The Book of Psalms is probably the most read book in the Bible. I know that I read it more then anything else. My prayer habits generally revolve around reading Psalms throughout the day as part of the “divine office” which makes up the backbone of my own prayer life, which I got from Catholic chruch.
- If a Catholic prays the offices every day they will read thrugh all the psalms at least once a month.
- The Lutheran Treasury of Daily prayer also sets up a similar system where you get through the psalms once a month.
- The Anglicans also incorporate the psalms as central part of daily prayer in the Book of Common Prayer.
- The Orthodox Church reads even more psalms in their prayer cycle. If you read through all the offices in the Orthodox church you will read the entire psalter once a week.
- Jews, likewise, are hugely impacted by the Psalms and they make up a central element of Jewish worship in both the Synagogue and in daily prayer.
- The Reform worship began as simply singing the Psalms and nothing else
- Evangelicals also love the Psalms. Many evangelical versions of the New Testament will include the Psalter as well, and most evangelicals know at least Psalm 23 by heart.
No matter what group of Christianity of Judaism one comes from, the Psalms will hold a great deal of prominence in the prayer and worship traditions of that tradition.
There is arguably No collection of poetry in the history of the world that has impacted as many people as deeply and profoundly as the Psalms.
- They speak to the entire spectrum of human experience. In them you can rejoice, fear, get angry, love, and experience just about every other emotion.
- They allow you to worship with your whole body. The psalmists clap, stomp, lift their hands, kneel, bow, shudder,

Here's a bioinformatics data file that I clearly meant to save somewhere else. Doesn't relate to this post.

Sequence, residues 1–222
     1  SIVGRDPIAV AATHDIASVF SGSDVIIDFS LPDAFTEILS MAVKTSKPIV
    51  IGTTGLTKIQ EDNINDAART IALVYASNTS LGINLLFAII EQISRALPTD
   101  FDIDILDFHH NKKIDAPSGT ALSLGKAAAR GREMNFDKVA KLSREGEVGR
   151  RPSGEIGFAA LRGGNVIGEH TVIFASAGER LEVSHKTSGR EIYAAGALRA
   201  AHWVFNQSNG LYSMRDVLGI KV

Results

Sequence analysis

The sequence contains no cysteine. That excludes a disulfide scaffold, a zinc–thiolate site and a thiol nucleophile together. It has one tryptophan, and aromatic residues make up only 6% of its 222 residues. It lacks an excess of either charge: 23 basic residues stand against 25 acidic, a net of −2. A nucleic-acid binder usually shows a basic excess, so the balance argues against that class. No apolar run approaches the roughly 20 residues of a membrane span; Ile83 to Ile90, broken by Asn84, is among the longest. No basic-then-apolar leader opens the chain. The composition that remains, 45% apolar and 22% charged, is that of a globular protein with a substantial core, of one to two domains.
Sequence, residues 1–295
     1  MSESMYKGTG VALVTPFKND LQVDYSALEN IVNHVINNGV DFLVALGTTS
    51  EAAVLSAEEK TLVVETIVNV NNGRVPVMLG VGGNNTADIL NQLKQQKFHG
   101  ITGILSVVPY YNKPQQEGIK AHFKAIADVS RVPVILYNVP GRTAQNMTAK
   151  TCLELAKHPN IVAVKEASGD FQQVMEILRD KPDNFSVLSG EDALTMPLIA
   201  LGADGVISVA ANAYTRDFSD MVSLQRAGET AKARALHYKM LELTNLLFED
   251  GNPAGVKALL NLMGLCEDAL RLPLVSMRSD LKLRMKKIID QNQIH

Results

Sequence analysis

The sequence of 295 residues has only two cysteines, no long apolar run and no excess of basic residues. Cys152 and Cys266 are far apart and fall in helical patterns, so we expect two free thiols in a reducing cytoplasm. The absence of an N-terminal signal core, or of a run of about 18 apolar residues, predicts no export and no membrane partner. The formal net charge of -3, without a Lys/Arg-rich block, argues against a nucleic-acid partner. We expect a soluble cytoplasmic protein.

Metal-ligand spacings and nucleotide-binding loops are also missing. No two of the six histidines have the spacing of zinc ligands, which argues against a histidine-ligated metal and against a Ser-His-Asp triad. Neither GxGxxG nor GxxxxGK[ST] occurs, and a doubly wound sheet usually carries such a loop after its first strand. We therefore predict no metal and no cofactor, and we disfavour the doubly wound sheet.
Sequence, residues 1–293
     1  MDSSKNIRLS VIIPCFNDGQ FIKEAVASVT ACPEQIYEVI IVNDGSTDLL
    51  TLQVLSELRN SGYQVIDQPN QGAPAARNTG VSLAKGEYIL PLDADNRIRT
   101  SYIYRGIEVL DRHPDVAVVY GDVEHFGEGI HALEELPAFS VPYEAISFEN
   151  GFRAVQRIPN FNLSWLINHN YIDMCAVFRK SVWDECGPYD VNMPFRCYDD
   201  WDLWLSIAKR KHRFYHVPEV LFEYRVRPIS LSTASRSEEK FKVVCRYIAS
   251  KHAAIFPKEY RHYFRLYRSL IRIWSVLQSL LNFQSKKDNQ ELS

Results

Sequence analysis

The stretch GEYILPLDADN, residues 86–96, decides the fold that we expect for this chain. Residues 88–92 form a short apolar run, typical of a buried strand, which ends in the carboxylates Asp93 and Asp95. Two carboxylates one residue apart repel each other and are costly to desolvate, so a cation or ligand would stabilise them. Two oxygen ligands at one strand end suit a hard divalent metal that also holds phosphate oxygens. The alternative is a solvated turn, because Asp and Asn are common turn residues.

- They give room for any expressions you may want to give. You can laugh, shout, be silent, play an instrument, rage, weep, sigh, cry out, yell, bellow, roar, and just about anything else along with the psalms.
- They are universal. In the church it’s sometimes hard to find a way of praying with different. Christian groups in a way that is meaningful to all. The Psalms are a great place to start. Everyone uses them, and loves them.
- They join you in a timeless community of praise. When you pray the Psalms you are joining with thousands of years of prayer. These same prayers were prayed by the apostles themselves. Jesus even prayed the Psalms. In fact Jesus was reciting Psalm 22 on the cross. Why wouldn’t you want to read the prayers that Jesus prayed?
- They are beautiful. The Psalms have brought me to tears more then once with their beauty. They speak to my soul more then to my mind. The tension that they weave speaks to my very heart.
- They challenge you. There are some places in the psalms that are hard to deal with. Reading through the Psalms is a good way to force yourself to come face to face with many uncomfortable things about the Bible, God, and Human nature itself. Reading the Psalms is a good way to force yourself into an existential crisis.
- They can give you words for others. When I minister to the suffering and the dying, I often have nothing to say. I don’t have an answer for their sorrow, but I do have the words of the Psalms. There are few things that I have seen that have the power to give people peace in the midst of trial as having a dearly loved Psalm read. There are no words I could offer that come close.
- They will carry you. In my own life sometimes it’s hard to pray. The Psalms give me words and prayers when I can’t muster the words myself. The Psalms have kept my relationship with God afloat at many times when nothing else could.
- They create sacred mental space. I have memorized a fair number of Psalms in their entirety. This is one of the greatest treasures I have. IN my mind there are deeply cut paths of memory that I can sit in any time I want. When I find myself in a place of confusion I sit in a Psalm I have memorized. In a place of beauty, I enter a Psalm. When I need to confess, I kneel on top of a Psalm. The Psalms give me sacred space anywhere I am.
Here are a few of my favorite psalms:
- Psalms 51: This Psalm changed my life. I read it over 10 years ago in a time of sorrow andGod met me in it, and has carried me ever since.
- Psalm 23: This Psalm has comforted me my entire life. It might seem cliche, but I love it deerly.
- Psalm 19: This Psalm has been a deer companion to me for many years and is responsible for most of my theology surrounding creation.
- Psalm 95: I read this Psalm almost every morning. It is a close friend.
- Psalm 22: This Psalm reminds me that Jesus was willing to enter into the utter depths of human brokenness, and therefore I have hope that I can be healed of my deepest brokenness.
I could go on and on and on.
What Psalms are your favorite?